What followed was a year of counselling and eventually medication for a short-term to help with severe depression. Throughout it all, I functioned at my job. Barely. Looking back, I don’t know how really. My psychiatrist suggested and strongly encouraged me to take time off, that he felt I needed to for my own safety and to be able to focus on getting well. But I didn’t. I couldn’t. I would explain again and again that, as the manager at my office, I would be jeopardizing my job to go in and explain and admit that I wasn’t “ok”. Why? Because the admittance that I’m not well – mentally and emotionally – still carries a very real and large potential to threaten job security. I’m not stupid, I know that we have laws now that say you can’t be fired for that reason. I’m also not stupid and know that companies have ways around labour laws. A drop in job performance, an unacceptable increase in sick days… there are many ways that depression and mental illness can affect you that you can be fired for. My psychiatrist finally convinced me to talk to my supervisor and explain that I was under care for depression and that I was getting help. His reasoning was that if there was a record that I had been open about it, then it was better than trying to hide it and ending up being fired for performance issues and then trying to save my job by divulging the depression.
My company was understanding and supportive but certainly not overly so. I was told that I had holiday days and could use them as needed for days when I wasn’t well enough to come in. And that was that. I regretted immediately saying anything as the “feel” was different from the words of support.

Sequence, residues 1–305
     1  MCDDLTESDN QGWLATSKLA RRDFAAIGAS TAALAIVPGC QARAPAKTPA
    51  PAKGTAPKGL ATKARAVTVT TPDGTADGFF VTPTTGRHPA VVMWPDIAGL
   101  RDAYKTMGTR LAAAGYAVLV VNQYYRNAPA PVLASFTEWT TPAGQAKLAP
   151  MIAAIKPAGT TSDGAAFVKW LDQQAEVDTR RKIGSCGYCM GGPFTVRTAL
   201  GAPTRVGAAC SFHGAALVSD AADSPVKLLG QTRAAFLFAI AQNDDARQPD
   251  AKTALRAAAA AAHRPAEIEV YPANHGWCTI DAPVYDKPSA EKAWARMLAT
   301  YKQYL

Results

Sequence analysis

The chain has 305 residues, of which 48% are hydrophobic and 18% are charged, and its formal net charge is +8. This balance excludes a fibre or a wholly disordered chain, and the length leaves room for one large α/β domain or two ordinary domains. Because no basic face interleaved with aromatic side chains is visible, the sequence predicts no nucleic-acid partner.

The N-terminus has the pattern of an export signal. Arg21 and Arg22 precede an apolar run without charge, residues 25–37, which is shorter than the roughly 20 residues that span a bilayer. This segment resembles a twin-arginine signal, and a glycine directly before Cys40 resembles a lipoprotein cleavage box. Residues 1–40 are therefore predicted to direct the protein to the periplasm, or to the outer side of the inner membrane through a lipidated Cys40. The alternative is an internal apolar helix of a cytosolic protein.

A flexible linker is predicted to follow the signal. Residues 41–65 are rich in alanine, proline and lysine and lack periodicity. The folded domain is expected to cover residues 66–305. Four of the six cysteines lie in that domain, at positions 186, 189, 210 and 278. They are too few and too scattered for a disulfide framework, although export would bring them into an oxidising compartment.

Time went on and I slogged through. Months have passed now and I function. I still have bad days and days that I just can’t make it in. Days that I have a “migraine” or am “just under the weather”. Wonderful euphemisms.

Which brings me to where I am now with a work situation.

A practitioner at work has been slipping in performance for many months now. Without going into details, it has been apparent that job duties have been lacking and it has seriously affected her performance to the point that it was impacting other practitioners and something had to be done. Repeated meetings and deadline for improvement were met with seeming disregard and a lack of respect. Deadline after deadline passed and finally I set up a meeting to discuss termination. It was at that meeting that she finally told me, in sobs so hard I couldn’t understand her even, that she was struggling with a depression so bad she was seeing medical help and had been advised to take a leave of absence. She explained that this had happened years before and she had pushed through and ended up being hospitalized for her own safety and that this time, she was trying to avoid that. She was apologetic… she was exhausted and she couldn’t hide it anymore. I assured her that her job was safe, she could take a medical leave of absence and when ready to return, we would work that out. Her relief was amazing and I left that meeting drained and emotional, feeling both glad that she finally came to me and told me but also sad that she held it in for so long out of fear of not wanting to admit that she “wasn’t strong enough to be ok” (her words).

So here’s where the issues come up. I have been stunned and shocked by the reactions and responses to this situation at work. I had really thought that we, as a society and as compassionate people, had come farther… but apparently not.